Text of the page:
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mulle-objc: fast methods make mulle_objc_object_call even faster

Continued from mulle-objc: investigating the pros and cons of inlining mulle_objc_object_call.

To speed up the most often used methods, mulle-objc uses a per class table-based indexing mechanism called _mulle_objc_fastmethodtable or short vtab, that is quite similiar to the _vptr of C++.

Support for this faster indexing scheme, is enabled, when you use the compiler optimization level -O1 or above. At -O1 the following method mulle_objc_object_constant_methodid_call is used:

MULLE_C_ALWAYS_INLINE
static inline void   *mulle_objc_object_constant_methodid_call( void *obj,
                                                                mulle_objc_methodid_t methodid,
                                                                void *parameter)
{
   struct _mulle_objc_class   *cls;
   int                        index;

   if( __builtin_expect( ! obj, 0))
      return( obj);

   cls   = _mulle_objc_object_get_isa( obj);
   index = mulle_objc_get_fastmethodtable_index( methodid);
   if( index >= 0)
      return( _mulle_objc_fastmethodtable_invoke( obj, methodid, parameter, &cls->vtab, index));

   return( (*cls->call)( obj, methodid, parameter, cls));
}

The inline function mulle_objc_get_fastmethodtable_index converts a methodid into an index from 0 to 23, when it matches a fast method. For instance the selector for init has an index of 1. Remember that the compiler knows the selector of the method and this selector is an integer constant. So the compiler can solve this function at compile time. This conversion and also the if( index >= 0) are "for free".

Assuming we know that self is not nil and we make a call to -init, this inlined method call simplifies to:

{
   struct _mulle_objc_class   *cls;

   cls   = _mulle_objc_object_get_isa( obj);
   return( _mulle_objc_fastmethodtable_invoke( obj, @selector( init), parameter, &cls->vtab, 1));
}

_mulle_objc_fastmethodtable_invoke will then read the appropriate function from the vtab and call the method.

Calculating the memory overhead

Obviously it's much faster to call Objective-C methods this way, so why not do it for all methods ? The answer is space constraints. Due to to the nature of message sending, each class of a class-pair must have a vtab like this. Furthermore every class-pair of the runtime must have a compatible vtab. Lastly the indexes of the selectors must be common across all classes. That is quite restrictive.

The overhead per added fastcall methods is therefore sizeof( IMP) * 2 * #classes. Assuming 512 classes on a 64 bit machine that would be a 8KB overhead.

How many classes are there ?

In Xcode 7.2.1, the number of classes with a NS prefix was 489.

grep -Rho "@interface [a-zA-Z]\+" \
   /Applications/Xcode.app/Contents/Developer/Platforms \
cut -d" " -f2 | awk '!a[$0]++' | sort > classes.txt`
egrep '^NS' classes.txt | wc -l

Choosing fast-method selectors

As we have seen in mulle-objc: some research about selectors an average Objective-C program uses a small set of selectors a lot, and most of the other selectors rather seldomly:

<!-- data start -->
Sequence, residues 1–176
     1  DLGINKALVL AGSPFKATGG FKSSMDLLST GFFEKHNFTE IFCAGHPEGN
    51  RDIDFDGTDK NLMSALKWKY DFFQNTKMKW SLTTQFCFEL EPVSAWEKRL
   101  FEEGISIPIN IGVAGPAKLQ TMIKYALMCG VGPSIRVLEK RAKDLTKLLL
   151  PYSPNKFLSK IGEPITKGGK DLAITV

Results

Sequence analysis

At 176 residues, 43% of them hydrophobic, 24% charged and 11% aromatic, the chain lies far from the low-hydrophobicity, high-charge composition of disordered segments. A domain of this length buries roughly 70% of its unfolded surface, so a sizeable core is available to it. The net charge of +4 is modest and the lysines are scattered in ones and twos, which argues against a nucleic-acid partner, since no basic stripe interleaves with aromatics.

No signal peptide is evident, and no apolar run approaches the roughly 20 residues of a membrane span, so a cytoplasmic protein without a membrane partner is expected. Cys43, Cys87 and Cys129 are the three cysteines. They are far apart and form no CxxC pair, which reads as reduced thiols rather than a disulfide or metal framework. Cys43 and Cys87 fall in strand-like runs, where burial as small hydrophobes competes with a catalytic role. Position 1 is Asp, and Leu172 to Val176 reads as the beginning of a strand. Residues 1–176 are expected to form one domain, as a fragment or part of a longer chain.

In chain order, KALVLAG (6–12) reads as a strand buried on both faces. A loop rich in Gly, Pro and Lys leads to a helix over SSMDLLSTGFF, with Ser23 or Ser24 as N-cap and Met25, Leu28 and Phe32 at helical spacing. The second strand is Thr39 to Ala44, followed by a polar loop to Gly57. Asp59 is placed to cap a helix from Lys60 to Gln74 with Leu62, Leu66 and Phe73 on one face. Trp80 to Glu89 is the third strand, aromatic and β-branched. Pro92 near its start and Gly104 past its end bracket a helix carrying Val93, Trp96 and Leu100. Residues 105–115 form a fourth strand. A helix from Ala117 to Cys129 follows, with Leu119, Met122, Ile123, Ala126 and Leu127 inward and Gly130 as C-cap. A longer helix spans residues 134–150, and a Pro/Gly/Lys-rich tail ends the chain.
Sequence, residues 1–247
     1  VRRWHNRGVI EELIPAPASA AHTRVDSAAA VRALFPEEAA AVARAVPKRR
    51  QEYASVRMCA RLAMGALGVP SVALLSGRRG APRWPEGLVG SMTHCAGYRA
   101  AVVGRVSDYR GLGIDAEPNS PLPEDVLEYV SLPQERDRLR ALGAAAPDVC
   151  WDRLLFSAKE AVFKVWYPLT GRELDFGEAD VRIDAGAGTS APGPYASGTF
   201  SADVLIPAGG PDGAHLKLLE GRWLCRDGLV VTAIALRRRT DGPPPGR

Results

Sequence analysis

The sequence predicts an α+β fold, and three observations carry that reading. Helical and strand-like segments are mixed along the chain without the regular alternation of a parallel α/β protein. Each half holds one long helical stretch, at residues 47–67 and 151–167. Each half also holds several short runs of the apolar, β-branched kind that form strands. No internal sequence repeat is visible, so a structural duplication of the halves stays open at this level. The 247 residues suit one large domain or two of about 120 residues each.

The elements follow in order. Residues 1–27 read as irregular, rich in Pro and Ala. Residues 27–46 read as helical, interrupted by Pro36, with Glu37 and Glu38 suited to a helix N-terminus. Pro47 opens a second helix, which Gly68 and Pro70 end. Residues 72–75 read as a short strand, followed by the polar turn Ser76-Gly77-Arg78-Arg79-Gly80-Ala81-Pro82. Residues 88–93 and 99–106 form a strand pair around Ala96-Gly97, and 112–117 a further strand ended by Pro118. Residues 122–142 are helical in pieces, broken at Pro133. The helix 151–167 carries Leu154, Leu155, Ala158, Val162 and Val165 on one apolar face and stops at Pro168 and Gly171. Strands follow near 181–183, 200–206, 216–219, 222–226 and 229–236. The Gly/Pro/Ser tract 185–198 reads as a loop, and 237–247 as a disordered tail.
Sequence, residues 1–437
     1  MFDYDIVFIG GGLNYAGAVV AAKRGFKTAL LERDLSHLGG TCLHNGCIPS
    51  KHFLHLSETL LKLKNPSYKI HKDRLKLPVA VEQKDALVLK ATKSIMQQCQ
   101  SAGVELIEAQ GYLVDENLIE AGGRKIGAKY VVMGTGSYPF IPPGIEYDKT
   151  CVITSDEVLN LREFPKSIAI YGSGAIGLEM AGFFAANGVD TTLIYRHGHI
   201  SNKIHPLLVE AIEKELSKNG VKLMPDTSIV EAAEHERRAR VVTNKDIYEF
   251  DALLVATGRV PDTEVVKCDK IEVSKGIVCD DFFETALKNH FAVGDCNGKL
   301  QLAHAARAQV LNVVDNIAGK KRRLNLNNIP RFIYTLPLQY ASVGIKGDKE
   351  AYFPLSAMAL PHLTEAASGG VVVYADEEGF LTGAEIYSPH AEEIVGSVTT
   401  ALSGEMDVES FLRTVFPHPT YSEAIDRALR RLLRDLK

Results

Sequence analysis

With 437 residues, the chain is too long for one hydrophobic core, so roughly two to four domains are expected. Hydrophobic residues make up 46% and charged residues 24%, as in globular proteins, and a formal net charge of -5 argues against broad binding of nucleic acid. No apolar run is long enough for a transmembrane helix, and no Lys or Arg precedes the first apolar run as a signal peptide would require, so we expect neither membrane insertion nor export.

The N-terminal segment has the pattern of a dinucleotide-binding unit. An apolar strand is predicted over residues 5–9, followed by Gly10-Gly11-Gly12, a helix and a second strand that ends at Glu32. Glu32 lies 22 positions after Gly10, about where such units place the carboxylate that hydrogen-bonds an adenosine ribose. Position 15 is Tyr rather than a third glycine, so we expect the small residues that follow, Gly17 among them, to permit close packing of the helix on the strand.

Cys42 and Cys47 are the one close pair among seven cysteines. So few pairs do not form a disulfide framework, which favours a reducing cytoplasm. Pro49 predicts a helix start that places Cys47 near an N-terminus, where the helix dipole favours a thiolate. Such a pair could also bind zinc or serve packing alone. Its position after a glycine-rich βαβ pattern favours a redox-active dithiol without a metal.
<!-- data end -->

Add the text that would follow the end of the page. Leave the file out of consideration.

703,484 class
483,335 release
343,421 retain
300,315 dealloc
299,138 autorelease
294,309 characterAtIndex:
260,189 isEqual:
250,537 hash
228,409 allocWithZone:
197,911 alloc
195,324 count
179,983 length
171,437 objectForKey:
156,440 self
138,796 superview
130,172 init

It therefore makes sense to use these for fast methods. The mulle-objc-runtime predefines indices 0-7 for the following selectors in mulle_objc_fastmethodtable.h:

Index Selectors
0 @selector( alloc)
1 @selector( init)
2 @selector( finalize)
3 @selector( dealloc)
4 @selector( instantiate)
5 @selector( autorelease)
6 @selector( retain)
7 @selector( release)

leaving 15 free slots for a Foundation or user apps to use.

MulleObjC currently defines indices 8-21 for its own purposes in ns_fastmethodids.h:

Index Selectors
8 @selector( length)
9 @selector( count)
10 @selector( self)
11 @selector( hash)
12 @selector( nextObject)
13 @selector( timeIntervalSinceReferenceDate)
14 @selector( lock)
15 @selector( unlock)
16 @selector( class)
17 @selector( isKindOfClass:)
18 @selector( objectAtIndex:)
19 @selector( characterAtIndex:)
20 @selector( methodForSelector:)
21 @selector( respondsToSelector:)

A method like count is really a no-brainer. It is a method that one can assume is just a simple accessor. It is also called very often. Therefore the regular Objective-C method overhead will be a significant factor of the runtime cost of calling count.

A method like timeIntervalSinceReferenceDate is debatable, because it may not be called often enough. Also it could be making a system call, which would negate the advantage of making this a fast method.

How to use a fast method for your own code

As MulleObjC is greedy, it leaves you only with two indexes 22,23.

So we want to speed up a method called fastMethod:. It doesn't matter if it is a class or an instance method. The selector for this methods happens to be 0x006f9586.

Now whereever you call this function, you must define MULLE_OBJC_FASTMETHODHASH_23 ahead of including <mulle_objc/mulle_objc.h>

#define MULLE_OBJC_FASTMETHODHASH_23   0x006f9586
#include <MulleObjC/MulleObjC>

See: fastmethod.m for another example

Code that forgets to do this, will not get the benefits of fast method calls, but that is the only consequence.

Obviously it's a serious problem, if you have multiple, differing definitions for MULLE_OBJC_FASTMETHODHASH_23 throughout your code.


Continued to mulle-objc: tagged pointers, boon or bane ?`.

'mulle-objc: tagged pointers, boon or bane ?'


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